Advertisement

6 talking points about tomorrow's All-Ireland minor football final

The All Ireland minor final between Tyrone and Mayo promises to be interesting. We look at some of the facts and figures that matter.

1. Tyrone v Mayo minor final…We’ve been here before

THE 2008 ALL IRELAND senior decider involving Tyrone and Kerry was a game for the ages. What happened before it wasn’t half bad either. Tyrone and Mayo drew a breathless minor match that set the tone nicely.

Tyrone took the honours in the replay following another intriguing fixture. Stars were born in both counties. Kyle Coney, Paddy McNiece, Ronan McNab, Mattie Donnelly, and Peter Harte are amongst those from Tyrone to have prospered at the highest level.

For Mayo a string of the panel sampled senior action with Robbie Hennelly the current goalkeeper and Aidan O’Shea firmly established as the midfield talisman. Who will follow in their footsteps?

image

Pic: INPHO

2. Tyrone are the serial minor contenders

Since Mickey Harte commenced the Tyrone revolution in the mid 90′s accumulating underage titles and producing class players the Red Hands have been seriously competitive in the minor grade.

Even when Tyrone don’t garner silverware, whoever beats them will be in the hunt. There is an admirable consistency and competitive element to Tyrone minor footballing teams.

That has occurred because of the solid structures which have been implemented over the past two decades. Young Tyrone footballers aspire to be getting an early taste of Croke Park.

Since 1998 Tyrone have won five minor All Irelands a healthy return confirming their thrilling ability to produce crafty outfits.

3. Liam Irwin dummy

In the Connacht minor final Liam Irwin sold a string of dummies. Several Roscommon backs bought them with the end result being a goal of the year contender. A sizzling shot was a fitting conclusion to the smashing move.

Irwin’s glorious flash of class gave Mayo a boost at a vital time in the game when it was delicately poised. From then on Mayo fended off Roscommon’s spirited challenge. A provincial title was pocketed, Mayo are now an hour away from adding a national one.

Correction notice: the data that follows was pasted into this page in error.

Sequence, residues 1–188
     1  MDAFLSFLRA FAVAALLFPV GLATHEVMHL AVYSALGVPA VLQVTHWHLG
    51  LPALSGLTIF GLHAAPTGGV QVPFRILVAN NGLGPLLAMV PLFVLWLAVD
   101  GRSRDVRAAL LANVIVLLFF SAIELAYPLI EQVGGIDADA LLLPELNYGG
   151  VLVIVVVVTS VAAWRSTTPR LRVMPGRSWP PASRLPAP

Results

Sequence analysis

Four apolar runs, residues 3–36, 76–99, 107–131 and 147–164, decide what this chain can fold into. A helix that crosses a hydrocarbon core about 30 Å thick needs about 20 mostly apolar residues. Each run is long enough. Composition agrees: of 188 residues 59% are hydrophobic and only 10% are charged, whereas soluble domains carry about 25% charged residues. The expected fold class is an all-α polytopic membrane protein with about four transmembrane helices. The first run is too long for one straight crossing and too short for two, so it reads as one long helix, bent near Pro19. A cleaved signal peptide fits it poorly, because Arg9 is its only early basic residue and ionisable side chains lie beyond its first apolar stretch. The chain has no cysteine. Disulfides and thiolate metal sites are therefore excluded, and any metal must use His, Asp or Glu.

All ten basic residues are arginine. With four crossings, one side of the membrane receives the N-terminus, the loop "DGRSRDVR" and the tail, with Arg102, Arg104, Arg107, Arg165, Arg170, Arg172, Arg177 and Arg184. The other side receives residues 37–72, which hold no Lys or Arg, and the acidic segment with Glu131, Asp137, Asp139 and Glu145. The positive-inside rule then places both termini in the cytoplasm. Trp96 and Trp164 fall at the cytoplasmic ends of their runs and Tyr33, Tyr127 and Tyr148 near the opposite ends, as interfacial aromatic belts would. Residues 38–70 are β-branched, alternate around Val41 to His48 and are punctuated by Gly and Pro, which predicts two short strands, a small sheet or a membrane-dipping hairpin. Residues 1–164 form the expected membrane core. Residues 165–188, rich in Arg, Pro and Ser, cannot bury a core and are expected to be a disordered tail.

What are they
really like?

Rare insights on sport's biggest names from the writers who know them best. Listen to Behind the Lines podcast.

Become a Member

YouTube: KilkennyFootball

4. An O’Connor from Ballintubber

It is now nearly becoming a Mayo trademark. An O’Connor from Ballintubber occupying a leading berth as the Green and Red seek to be Croke Park kings.

Diarmuid O’Connor’s relevance to Mayo’s Connacht success shouldn’t be underestimated. When Mayo needed O’Connor to contribute against Galway and Roscommon that is precisely what he did.

Providing a key leadership role O’Connor was in the groove when Mayo needed him. That will be the case once more on Sunday.

5. Connacht’s improvement

The provincial senior championship continues to be derided, but scratch beneath the surface and the health of the underage game is improving quickly. Willie Hegarty’s sterling work in Roscommon has helped them turn into a respected force at minor and U21 level.

It is no longer simply a case of Mayo or Galway outfoxing one another with a western gong imminent. Sligo have been unfortunate not to take a scalp or two in the past five years at minor level, but they are competitive and examined Roscommon in Carrick-on-Shannon during the summer.

The fact that Galway, Roscommon, and Mayo will all have played in either minor or U21 finals during the two campaigns is a testament to the fact that when they emerge from Connacht now they do so with increasing ambition.

image

Pic: INPHO

6. Tyrone have shown resolve

It has been a bumpy journey, but Tyrone are still travelling in September which owes much to the character and commitment of Mickey Donnelly’s panel.

Donegal and Down were taken care of in Ulster, but Monaghan won a fine provincial final 4-10 to 2-14. Then in the All Ireland quarter-final Tyrone were reduced to 13 men as Kerry appeared the likely victors. Stephen McGrath’s last gasp point forced extra-time and Tyrone came good when it truly mattered.

Roscommon carried a favourable reputation into the semi-final, but a Conor McKenna goal was the decisive moment. Despite trailing at the break Tyrone eked out a victory offering further evidence of their considerable pluck and potential.

Conor Deegan: ‘The best two teams in 2013 have reached the biggest day’

2006 Flashback: McDonald’s late magic completes Mayo comeback against the Dubs

Read next:

COMMENTS (4)